Blake could also not provide any specifics on whether or not the government is organizing another group to run Carnival. "We have all heard rumors that there's another group forming, and that there have been meetings," he said. "But we don't know who they are, if they're getting any money or anything. But if someone else wants to come in and do this, then we welcome them - people don't seem to know how hard running Carnival is, so they would get to experience it firsthand. Everyone believes the event is a Caswil [Callender] and "Blakey" thing, and they're doing a lot to spite us since we love to ask questions and stand up for ourselves."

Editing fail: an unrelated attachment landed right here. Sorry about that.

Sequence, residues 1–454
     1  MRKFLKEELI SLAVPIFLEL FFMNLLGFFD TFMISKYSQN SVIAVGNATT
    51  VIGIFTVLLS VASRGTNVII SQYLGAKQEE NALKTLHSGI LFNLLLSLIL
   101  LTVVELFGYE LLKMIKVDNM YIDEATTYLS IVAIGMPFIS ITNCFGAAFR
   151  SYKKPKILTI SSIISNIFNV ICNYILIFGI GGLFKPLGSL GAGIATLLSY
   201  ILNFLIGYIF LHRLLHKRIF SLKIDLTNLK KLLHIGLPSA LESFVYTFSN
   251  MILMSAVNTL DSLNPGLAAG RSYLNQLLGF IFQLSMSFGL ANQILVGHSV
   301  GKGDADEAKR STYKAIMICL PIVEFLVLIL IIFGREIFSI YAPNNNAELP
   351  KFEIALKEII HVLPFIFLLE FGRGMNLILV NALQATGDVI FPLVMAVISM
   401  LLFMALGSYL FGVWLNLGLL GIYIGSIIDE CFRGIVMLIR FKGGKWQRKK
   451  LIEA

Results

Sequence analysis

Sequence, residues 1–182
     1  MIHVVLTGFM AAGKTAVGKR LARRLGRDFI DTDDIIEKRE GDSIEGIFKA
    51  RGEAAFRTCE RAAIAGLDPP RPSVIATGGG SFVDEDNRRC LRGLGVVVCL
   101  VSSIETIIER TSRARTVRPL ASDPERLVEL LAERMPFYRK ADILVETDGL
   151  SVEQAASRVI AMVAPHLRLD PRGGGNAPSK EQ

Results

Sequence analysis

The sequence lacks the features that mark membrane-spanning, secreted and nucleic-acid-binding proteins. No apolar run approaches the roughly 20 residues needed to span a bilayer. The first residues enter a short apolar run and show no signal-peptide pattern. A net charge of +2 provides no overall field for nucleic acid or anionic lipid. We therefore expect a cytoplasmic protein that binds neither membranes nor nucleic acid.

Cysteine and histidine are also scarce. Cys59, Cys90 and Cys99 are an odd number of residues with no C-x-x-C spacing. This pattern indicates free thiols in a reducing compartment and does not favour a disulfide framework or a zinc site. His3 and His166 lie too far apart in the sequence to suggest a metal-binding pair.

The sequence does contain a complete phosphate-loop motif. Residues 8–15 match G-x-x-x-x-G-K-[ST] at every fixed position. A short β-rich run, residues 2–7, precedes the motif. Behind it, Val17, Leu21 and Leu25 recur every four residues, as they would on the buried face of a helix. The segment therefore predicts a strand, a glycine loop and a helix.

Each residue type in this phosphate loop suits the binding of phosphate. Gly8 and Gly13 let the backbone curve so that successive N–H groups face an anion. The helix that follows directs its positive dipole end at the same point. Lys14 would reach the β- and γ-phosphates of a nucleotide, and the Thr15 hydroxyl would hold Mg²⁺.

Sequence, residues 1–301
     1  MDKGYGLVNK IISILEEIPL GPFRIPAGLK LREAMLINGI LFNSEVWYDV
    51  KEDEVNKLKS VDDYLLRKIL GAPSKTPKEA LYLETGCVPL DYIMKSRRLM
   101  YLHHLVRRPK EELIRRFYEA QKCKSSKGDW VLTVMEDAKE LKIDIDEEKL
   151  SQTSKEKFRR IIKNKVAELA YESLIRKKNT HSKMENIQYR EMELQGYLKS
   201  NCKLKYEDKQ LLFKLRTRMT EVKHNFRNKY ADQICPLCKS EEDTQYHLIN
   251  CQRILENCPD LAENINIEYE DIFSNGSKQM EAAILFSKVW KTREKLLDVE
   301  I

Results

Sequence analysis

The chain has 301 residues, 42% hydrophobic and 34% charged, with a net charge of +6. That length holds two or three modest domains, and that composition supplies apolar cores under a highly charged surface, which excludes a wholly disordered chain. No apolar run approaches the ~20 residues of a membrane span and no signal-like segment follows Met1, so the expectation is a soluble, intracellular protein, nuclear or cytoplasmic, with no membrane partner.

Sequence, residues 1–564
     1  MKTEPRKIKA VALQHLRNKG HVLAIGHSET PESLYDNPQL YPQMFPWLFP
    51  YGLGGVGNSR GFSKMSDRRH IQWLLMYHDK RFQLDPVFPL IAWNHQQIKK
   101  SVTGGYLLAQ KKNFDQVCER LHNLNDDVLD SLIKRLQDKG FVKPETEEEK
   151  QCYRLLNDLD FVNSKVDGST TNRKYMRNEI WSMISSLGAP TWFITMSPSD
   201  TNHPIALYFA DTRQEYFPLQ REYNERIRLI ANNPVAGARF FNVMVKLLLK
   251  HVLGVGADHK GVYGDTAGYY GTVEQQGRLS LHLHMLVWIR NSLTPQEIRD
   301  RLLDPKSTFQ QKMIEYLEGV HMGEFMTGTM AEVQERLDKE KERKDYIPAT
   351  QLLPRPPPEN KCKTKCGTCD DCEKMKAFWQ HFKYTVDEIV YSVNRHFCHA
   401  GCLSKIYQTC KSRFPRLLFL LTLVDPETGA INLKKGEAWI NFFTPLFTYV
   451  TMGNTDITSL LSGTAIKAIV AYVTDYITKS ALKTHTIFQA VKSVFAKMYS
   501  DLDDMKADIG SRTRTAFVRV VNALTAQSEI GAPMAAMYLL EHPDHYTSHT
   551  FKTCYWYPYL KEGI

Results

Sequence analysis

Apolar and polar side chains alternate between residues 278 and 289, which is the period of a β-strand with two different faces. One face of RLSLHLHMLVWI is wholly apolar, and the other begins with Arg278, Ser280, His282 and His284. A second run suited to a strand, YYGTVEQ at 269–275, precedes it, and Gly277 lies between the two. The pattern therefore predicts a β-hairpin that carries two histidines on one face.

During the conference, Callender added to Blake's comments by saying that he "sees a concerted effort" by some senators and ex-committee members to "sabotage" Carnival.
"This would then fuel the emotions of the masses, making it easier to justify a takeover," he said. "Obviously, those who would be placed in leadership positions to organize Carnival would be ones who are easily manipulated. We cannot allow this to happen. Carnival would be an extremely powerful tool in the hands of a politician."
However, Callender wrapped up his statements Tuesday by saying, "While there may be a significant reduction in the Glamour and Glitz, there will be a Carnival 2006."
Back Talk


Share your reaction to this news with other Source readers. Please include headline, your name and city and state/country or island where you reside.